I’m not even going to talk about that life experience as I’m still having nightmares (insert eyeroll here), but rest assured, it was an EXPUREEUNCE. Needless to say, I got it up not long after I swore to burn the whole room to the ground, but I don’t suggest putting a metal loft bed together single-handedly unless you’re roughly the size of Hulk.

I also put together a couple of bookshelves and rearranged the entire room — all in one school day. Yeah, yeah… I’m a total badass.

“Why is this relevant to the story?”, you might ask. Patience, young Jedi.

During the entire disaster that basically proved Joanna Gaines I am NOT, I was a swearing, sweaty, nearly broken mess. I could not wait to be out of that room and to get my hands on a Twisted Tea. It wasn’t until I finished replacing Gabe’s things with Mason’s that reality started to sink in. Reality shook my by the shoulders, though, when I put Gabe’s old sock monkey on his desk. The monkey he’s had since he was about a year old.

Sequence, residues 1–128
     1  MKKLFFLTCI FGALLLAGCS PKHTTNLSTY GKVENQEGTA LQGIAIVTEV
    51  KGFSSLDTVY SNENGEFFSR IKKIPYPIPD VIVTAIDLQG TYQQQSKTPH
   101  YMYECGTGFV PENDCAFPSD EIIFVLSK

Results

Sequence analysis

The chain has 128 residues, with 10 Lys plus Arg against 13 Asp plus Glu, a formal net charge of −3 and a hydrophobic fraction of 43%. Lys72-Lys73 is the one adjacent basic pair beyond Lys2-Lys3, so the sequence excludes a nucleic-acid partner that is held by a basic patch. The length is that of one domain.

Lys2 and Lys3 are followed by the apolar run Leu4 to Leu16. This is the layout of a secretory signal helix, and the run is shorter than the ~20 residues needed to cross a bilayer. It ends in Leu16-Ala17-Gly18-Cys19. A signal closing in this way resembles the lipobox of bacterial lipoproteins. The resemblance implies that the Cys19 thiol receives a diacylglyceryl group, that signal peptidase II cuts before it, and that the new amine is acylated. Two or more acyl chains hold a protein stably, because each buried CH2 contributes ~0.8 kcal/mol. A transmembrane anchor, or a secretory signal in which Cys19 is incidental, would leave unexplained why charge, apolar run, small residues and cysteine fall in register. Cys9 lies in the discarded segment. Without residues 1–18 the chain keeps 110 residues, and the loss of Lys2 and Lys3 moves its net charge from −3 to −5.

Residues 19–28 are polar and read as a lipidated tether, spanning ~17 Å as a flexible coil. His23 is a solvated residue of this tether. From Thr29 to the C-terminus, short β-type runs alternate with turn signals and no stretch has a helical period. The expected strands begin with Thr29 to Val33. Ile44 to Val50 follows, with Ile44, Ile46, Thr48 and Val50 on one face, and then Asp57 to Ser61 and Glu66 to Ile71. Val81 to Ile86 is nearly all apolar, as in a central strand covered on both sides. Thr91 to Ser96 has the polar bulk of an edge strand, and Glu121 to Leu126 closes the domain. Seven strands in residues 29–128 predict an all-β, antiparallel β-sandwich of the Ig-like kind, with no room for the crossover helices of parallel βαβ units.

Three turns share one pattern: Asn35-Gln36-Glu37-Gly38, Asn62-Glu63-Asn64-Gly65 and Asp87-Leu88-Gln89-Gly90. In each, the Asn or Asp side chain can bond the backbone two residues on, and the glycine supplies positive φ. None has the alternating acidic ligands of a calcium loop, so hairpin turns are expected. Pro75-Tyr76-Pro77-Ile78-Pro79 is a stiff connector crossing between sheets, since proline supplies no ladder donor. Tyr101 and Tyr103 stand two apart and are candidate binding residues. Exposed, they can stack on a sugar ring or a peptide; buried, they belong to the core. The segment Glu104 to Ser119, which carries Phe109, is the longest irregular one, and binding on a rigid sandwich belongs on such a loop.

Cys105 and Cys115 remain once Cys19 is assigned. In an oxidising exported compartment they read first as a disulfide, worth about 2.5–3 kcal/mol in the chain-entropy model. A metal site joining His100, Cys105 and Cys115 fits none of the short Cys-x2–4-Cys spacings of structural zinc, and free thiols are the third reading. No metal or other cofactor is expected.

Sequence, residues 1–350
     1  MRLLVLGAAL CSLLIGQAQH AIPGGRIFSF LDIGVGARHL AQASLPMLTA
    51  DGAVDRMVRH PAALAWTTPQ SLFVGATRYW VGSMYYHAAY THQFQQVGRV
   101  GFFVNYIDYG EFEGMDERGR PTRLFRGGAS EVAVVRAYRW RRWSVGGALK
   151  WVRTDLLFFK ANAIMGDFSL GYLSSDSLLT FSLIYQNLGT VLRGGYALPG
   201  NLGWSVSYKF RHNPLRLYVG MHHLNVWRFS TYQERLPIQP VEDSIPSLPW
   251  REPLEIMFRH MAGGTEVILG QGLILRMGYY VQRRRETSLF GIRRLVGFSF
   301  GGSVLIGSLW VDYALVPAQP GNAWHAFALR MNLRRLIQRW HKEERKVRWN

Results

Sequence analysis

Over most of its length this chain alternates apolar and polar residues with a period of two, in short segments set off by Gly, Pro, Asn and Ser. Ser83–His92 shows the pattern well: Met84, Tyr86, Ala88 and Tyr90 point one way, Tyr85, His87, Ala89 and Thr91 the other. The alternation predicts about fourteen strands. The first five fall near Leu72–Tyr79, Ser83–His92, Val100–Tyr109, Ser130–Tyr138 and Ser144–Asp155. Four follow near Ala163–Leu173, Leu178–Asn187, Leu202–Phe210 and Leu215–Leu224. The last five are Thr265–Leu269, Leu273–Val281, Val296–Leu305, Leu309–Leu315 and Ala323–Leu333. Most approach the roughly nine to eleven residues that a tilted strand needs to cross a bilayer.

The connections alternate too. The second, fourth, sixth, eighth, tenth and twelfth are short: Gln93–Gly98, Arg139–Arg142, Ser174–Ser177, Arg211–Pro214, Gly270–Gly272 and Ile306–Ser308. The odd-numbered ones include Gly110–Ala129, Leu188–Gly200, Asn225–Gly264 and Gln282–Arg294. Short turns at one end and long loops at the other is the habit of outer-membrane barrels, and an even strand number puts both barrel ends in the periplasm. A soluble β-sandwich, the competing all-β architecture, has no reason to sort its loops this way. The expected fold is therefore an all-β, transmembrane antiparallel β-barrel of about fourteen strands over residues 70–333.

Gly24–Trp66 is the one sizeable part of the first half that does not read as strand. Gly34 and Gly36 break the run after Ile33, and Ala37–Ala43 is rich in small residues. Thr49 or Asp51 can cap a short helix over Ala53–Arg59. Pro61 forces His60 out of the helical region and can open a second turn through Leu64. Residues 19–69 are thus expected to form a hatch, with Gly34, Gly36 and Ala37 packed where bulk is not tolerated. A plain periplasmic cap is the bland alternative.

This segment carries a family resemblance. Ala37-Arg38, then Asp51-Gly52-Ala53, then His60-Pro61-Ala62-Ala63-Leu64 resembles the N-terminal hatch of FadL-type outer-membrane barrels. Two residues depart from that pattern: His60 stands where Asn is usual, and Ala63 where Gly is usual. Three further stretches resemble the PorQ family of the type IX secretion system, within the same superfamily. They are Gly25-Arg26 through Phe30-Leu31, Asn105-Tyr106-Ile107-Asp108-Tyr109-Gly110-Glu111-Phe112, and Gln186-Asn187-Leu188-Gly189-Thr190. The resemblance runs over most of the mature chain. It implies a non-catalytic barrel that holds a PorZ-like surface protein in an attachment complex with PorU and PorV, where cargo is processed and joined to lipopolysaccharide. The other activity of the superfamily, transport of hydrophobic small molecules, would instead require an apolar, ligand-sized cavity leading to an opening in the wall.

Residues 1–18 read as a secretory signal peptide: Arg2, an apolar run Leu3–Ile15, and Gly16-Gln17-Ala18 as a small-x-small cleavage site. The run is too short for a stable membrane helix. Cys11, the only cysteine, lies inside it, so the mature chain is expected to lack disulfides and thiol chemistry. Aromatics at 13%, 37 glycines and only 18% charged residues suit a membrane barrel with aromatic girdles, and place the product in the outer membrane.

From out of nowhere I saw that room in a totally different light. I went from angsty and irritated to somber and emotional in just moments. The difference in the two rooms shook me to my core. My oldest spent the last night in his room just half a day before. It took a room change and stopping long enough to see how his tastes and interests have changed. He was no longer the little boy who needed stuffed animals and a song to go to sleep. He didn’t have a need for train tables or coloring books. Nightlights had long since proved unnecessary. Yet, until those things were removed from his space, they still seemed relevant. Once upon a time, they were relevant. Once upon a time, he needed those things.

Now, going in to my youngest boys’ room, I see very clearly the difference in little boy and young man. And, I’m not at all embarrassed to admit, it scares me a bit. “They grow up so fast,” is a cliche most parents (myself included) don’t often have the patience to hear.